Recently, we had the opportunity to hold a clinic INSIDE a bar for boys. This was a new venture for the partner organization and we were all excited that the owner agreed to allow this. Thirteen young men were seen, all of whom were over 18 years old. Of course they were over 18.
One has to be very sensitive in situations like these – it takes a lot of cultural nuance and dance to be able to ask necessary questions, but not pry too much. Several cultural layers exist, even for a Thai. For a foreigner, additional layers add to the complexity. But with my experience and the guidance of my staff, it is a beautiful thing.
We arrive early (8pm) to set up so we can get going before customers start arriving. We’ve brought rice boxes and snacks for the guys. It’s not exactly private in the one-room bar area. Some of the outreach staff have started games up front. Another table does the triage questions and vital signs. Prae and I are in the back, sort of shielded by a high-backed sofa where the guys sit facing me, away from the activity behind them. And you can almost get the sense that we are alone.
I perform a rudimentary health check – it’s not much, but they do feel cared for. And special. When was the last time someone – a doctor! – sat before them and asked them how they are? How can I help them? I also offer a free HIV check.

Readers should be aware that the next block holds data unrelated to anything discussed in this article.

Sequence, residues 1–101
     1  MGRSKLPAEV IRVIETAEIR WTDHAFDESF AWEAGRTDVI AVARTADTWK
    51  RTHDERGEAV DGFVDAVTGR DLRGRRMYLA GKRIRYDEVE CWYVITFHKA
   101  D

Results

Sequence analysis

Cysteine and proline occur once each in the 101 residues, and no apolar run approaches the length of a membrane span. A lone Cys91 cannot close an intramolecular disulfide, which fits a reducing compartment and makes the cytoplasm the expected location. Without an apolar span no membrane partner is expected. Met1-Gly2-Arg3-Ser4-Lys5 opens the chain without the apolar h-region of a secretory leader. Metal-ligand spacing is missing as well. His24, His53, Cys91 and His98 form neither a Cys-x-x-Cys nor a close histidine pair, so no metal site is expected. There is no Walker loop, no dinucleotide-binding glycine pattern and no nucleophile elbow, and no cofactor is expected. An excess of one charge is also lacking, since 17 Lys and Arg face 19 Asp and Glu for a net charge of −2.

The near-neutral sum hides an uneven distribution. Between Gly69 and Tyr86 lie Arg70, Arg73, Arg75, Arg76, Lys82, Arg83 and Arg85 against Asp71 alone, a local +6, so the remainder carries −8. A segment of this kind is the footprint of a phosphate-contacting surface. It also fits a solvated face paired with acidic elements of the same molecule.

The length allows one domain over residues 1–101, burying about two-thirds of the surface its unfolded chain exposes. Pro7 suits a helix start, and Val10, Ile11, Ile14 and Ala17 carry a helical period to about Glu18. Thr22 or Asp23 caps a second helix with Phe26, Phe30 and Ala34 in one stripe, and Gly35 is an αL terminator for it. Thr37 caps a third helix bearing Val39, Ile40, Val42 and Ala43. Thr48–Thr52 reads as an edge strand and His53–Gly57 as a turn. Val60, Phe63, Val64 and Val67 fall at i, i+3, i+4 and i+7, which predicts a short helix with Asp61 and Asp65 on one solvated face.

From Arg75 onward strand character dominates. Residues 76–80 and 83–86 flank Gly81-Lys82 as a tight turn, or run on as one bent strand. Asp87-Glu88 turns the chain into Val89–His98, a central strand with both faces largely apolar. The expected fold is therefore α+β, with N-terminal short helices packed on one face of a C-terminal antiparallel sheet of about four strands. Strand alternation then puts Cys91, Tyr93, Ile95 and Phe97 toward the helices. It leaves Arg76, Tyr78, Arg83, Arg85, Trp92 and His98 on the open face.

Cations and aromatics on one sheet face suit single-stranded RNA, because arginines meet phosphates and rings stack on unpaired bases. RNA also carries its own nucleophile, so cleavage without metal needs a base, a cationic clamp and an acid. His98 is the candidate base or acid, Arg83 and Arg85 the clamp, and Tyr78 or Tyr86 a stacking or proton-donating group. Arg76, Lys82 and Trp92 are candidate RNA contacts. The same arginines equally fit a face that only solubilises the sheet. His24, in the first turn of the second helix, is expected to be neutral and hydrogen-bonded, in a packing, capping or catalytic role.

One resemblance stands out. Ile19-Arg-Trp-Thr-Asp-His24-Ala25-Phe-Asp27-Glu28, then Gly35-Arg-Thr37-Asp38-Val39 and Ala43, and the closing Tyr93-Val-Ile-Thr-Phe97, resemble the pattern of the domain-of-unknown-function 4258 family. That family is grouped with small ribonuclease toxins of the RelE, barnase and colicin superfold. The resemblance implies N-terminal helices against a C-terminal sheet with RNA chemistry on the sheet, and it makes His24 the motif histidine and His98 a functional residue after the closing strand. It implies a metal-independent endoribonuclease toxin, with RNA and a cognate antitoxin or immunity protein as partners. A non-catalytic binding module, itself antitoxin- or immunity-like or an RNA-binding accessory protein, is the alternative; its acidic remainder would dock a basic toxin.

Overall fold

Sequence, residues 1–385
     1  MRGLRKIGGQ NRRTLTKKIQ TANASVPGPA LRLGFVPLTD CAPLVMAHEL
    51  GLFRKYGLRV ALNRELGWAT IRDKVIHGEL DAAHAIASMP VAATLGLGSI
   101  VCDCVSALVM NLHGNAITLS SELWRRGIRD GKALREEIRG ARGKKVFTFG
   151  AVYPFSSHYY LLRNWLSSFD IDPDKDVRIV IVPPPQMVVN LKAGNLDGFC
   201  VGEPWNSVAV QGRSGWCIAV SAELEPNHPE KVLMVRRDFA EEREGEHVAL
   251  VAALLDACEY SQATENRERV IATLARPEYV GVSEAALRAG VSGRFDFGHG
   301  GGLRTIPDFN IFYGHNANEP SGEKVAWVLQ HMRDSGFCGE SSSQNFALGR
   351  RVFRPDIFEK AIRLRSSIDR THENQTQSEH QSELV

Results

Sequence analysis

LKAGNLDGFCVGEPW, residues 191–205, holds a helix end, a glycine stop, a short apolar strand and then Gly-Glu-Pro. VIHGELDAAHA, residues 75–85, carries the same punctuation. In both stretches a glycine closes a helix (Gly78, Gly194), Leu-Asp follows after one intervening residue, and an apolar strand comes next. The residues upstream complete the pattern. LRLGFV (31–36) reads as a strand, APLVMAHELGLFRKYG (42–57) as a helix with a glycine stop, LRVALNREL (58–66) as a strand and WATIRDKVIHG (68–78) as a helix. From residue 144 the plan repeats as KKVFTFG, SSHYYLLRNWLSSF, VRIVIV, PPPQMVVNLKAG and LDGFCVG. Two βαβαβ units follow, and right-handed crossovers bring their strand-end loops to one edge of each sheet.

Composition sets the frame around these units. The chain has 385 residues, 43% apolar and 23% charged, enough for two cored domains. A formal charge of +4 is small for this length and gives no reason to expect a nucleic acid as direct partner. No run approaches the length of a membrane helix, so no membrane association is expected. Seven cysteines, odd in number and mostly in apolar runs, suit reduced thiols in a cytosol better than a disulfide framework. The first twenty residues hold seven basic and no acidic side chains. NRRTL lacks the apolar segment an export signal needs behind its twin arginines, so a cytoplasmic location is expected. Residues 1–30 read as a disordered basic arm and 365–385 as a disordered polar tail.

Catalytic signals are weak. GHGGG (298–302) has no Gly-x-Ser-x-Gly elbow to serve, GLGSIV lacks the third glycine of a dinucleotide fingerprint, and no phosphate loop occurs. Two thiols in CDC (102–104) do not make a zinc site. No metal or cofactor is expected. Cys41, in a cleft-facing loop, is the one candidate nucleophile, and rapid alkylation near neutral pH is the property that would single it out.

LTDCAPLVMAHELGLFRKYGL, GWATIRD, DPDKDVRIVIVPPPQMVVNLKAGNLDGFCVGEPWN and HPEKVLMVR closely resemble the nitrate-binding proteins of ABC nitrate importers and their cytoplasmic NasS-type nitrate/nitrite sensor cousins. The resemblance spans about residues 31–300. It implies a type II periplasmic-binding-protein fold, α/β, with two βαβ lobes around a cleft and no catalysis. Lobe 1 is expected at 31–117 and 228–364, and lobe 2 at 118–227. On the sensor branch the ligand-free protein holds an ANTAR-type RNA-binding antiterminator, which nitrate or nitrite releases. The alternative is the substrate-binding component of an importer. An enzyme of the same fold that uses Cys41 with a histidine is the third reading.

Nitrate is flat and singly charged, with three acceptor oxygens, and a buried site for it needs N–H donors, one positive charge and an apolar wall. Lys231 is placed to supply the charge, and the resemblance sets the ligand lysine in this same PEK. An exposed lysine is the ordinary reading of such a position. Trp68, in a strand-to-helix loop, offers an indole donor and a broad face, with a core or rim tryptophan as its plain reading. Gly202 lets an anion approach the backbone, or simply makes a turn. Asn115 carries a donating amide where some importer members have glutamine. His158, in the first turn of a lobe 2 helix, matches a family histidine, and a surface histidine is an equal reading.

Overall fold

Here are a few of the issues I encountered…
L.J. was born prematurely and he has the stunted growth to show for it. He wants to know how to grow bigger (more muscle).
E.C. sits hunched over, chin & cheek cradled in his hand. He is aching to share, to ask, to bare… but he is still too far away and he goes away, hopefully a bit closer. He refuses an HIV test because he says he is afraid of the alcohol and the needle.
M.O. shows confidence. He wants an HIV check because his girlfriend is pregnant and wants to be OK for her and his child. I want to meet again to talk about newborn care…
N.T. is much like E.C. He doesn’t “go” with clients but has back pain from lifting heavy crates of bottled drinks. He to seems withdrawn yet yearning for more…
D.M. had just started working there that very night. He also works part time in a massage parlour during the day. Three younger siblings at home he tells me.
Most are tired and want to sleep better. What can I say? They work from 8 or 9pm until 6am. Every. Night.
I get to sit down with them face to face. I get to look into their eyes.
What do I see?
I also see pain and embarrassment, but I also get to see beyond that.
A boy robbed of freedom and childhood and yearning for truth and love and acceptance.
Physicians are also allowed the privilege of touch.
I get to listen to their heart.
Have you ever listened to someone’s heartbeat?
Then I get to declare, “your heart is good!”
“YOUR HEART IS GOOD!”
I pray that in some supernatural way that those words resonate at a deeper level than merely, “your ‘ticker’ is normal”. I pray that those words resonate a message of love that lasts a long time.